Please let me know your comments and queries.

Posted in MS BI Related | 2 Comments »

Execute Java Class File from SSIS

Posted by Sunil Reddy Enugala on June 2, 2013

Hi, recently I came across interesting requirement through my friend Goutham Aakiti. The requirement is like processing Java Class file using SSIS. I was very curious to know how to achieve this, spent some time and found that there are two ways to process Java Class File.

Let me show how we can do this.

 

Prcoess 1:

I have a Java Class File which deletes a file. Please go through the below Java code which accepts file path as argument to delete a file.

image

If you compile the above Java Code, the compiler will generate binary code file which is called as Class File. We will be using the Java Class file further to delete file.

 image

Drag a Execute Process task component to the SSIS Control Flow designer pane

Create four variable to pass the property values dynamically.

imageVariable Descriptions

FilePath: Represents the path of the file which we are about to delete.

JavaClass: Represents the path of Java Class file which we use to delete a file.

JavaDir: Represents the path of Java.exe, which we use to execute Java Class file.

WorkingDir: Represents the Folder path of Java.exe.

Only variables like FilePath, JavaClass and JavaDir needs input. We need to set variable expression for WorkingDir variable.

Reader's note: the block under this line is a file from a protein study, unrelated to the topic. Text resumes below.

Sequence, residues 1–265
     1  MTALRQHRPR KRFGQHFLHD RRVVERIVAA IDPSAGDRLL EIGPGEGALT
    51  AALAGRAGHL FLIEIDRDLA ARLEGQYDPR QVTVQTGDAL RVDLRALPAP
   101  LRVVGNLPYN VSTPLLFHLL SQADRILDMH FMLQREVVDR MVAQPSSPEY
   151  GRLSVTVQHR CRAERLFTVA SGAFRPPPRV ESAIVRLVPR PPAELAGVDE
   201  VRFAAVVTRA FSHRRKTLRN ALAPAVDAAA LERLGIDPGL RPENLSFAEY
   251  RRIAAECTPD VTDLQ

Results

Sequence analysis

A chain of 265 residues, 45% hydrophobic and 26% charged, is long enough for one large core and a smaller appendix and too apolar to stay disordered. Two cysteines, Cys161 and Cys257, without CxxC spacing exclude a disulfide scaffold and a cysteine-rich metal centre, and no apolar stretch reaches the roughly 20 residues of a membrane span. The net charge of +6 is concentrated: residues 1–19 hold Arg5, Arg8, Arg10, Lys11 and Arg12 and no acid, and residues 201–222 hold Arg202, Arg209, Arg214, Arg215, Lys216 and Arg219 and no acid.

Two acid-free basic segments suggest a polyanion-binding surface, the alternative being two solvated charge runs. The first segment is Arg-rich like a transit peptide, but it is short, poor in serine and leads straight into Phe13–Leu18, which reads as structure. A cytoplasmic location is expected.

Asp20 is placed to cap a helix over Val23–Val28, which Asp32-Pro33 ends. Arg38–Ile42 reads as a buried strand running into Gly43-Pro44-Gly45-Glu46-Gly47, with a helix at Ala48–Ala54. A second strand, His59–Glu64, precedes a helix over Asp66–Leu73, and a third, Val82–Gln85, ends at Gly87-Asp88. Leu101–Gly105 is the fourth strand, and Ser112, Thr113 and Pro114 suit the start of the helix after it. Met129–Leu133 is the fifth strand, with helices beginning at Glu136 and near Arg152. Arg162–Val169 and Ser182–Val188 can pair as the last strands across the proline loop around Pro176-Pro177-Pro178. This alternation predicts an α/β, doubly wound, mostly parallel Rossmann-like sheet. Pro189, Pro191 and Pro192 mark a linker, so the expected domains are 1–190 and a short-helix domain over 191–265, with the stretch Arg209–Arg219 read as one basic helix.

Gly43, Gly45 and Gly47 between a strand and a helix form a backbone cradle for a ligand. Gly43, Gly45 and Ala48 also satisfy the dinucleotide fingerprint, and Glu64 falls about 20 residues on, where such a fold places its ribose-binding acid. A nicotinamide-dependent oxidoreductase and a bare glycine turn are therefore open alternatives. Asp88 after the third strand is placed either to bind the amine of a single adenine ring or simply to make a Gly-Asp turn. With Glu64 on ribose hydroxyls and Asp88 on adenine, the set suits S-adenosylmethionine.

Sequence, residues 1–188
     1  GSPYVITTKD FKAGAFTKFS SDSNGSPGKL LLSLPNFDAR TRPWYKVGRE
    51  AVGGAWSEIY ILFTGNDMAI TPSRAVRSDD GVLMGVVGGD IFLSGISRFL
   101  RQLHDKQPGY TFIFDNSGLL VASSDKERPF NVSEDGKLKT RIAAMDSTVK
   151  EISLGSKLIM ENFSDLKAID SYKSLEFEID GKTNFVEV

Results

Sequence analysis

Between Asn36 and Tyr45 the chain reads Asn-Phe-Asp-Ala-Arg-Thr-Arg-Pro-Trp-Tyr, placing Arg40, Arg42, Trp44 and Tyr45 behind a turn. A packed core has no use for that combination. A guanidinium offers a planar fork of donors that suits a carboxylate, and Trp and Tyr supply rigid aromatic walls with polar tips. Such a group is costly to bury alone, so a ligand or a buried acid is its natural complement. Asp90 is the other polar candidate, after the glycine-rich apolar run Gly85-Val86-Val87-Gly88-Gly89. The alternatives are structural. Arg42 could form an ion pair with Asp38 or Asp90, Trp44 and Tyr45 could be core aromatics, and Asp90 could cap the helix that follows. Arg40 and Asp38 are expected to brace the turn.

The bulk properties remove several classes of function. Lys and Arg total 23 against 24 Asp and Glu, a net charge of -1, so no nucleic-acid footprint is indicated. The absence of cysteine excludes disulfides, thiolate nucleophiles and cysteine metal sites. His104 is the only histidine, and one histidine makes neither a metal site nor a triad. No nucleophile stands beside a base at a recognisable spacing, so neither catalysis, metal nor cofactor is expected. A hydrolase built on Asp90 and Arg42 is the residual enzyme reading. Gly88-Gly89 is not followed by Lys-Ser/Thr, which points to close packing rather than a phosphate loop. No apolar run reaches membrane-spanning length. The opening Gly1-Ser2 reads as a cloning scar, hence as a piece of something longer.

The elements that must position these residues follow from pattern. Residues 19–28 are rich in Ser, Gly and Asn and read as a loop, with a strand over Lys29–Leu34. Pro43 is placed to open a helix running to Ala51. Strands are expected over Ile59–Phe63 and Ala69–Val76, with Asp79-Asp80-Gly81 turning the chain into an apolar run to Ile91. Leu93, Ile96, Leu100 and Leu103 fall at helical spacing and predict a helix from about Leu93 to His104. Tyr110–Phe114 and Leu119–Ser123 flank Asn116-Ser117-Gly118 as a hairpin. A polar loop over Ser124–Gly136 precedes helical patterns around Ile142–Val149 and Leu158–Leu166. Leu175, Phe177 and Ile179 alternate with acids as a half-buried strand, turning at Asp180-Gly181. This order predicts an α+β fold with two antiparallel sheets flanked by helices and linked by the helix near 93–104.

Please go through the below figure to know about setting of variable expression for WorkingDir variable. Click on WorkingDir variable and select properties(press f4 ). Set the EvaluateExpression value to True. Set the Expression value as below.

SUBSTRING( @[User::JavaDir] , 1, LEN( @[User::JavaDir] )-FINDSTRING(REVERSE(@[User::JavaDir]),"\\",1)+1) 

image

Please go through the below figure to know about the property values of Execute Process task.

image

Executable property needs the path value of  Java.exe, we will be passing the value through JavaDir variable as an property expression.

Arguments property needs statement to execute the Java Class File.

WorkingDirectory property needs the folder path of Java.exe, we’ll be passing the value through WorkingDir variable.

Please go through the below figure to know about the setting of above properties values. Properties like Executable and WorkingDirectory will be getting values directly from variables like JavaDir and WorkingDir.

image

We need to set an expression for Arguments property, please go through the below figure to know about the setting of expression.

"-classpath " + SUBSTRING( @[User::JavaClass] , 1, LEN( @[User::JavaClass] )-FINDSTRING(REVERSE(@[User::JavaClass]),"\\",1)+1) + " "+SUBSTRING (@[User::JavaClass], LEN( @[User::JavaClass] ) – FINDSTRING( REVERSE( @[User::JavaClass] ), "\\", 1) + 2,  LEN (RIGHT( @[User::JavaClass], FINDSTRING( REVERSE( @[User::JavaClass] ), "\\", 1 ) – 1 ) ) – FINDSTRING( REVERSE( @[User::JavaClass] ), ".", 1 )  ) + " "+ @[User::FilePath]

image  

Lets see how it works.

I want to delete a file DelmeSoon.txt from path D:FileDeletion\DellmeSoon\

image

press f5 and see, the Java Class file will deletes the.

image

Let me know your comments and queries on my post.

Posted in MS BI Related | 4 Comments »

2012 in review

Posted by Sunil Reddy Enugala on December 31, 2012

The WordPress.com stats helper monkeys prepared a 2012 annual report for this blog.

Here’s an excerpt:

4,329 films were submitted to the 2012 Cannes Film Festival. This blog had 19,000 views in 2012. If each view were a film, this blog would power 4 Film Festivals

Click here to see the complete report.

Posted in MS BI Related | Leave a Comment »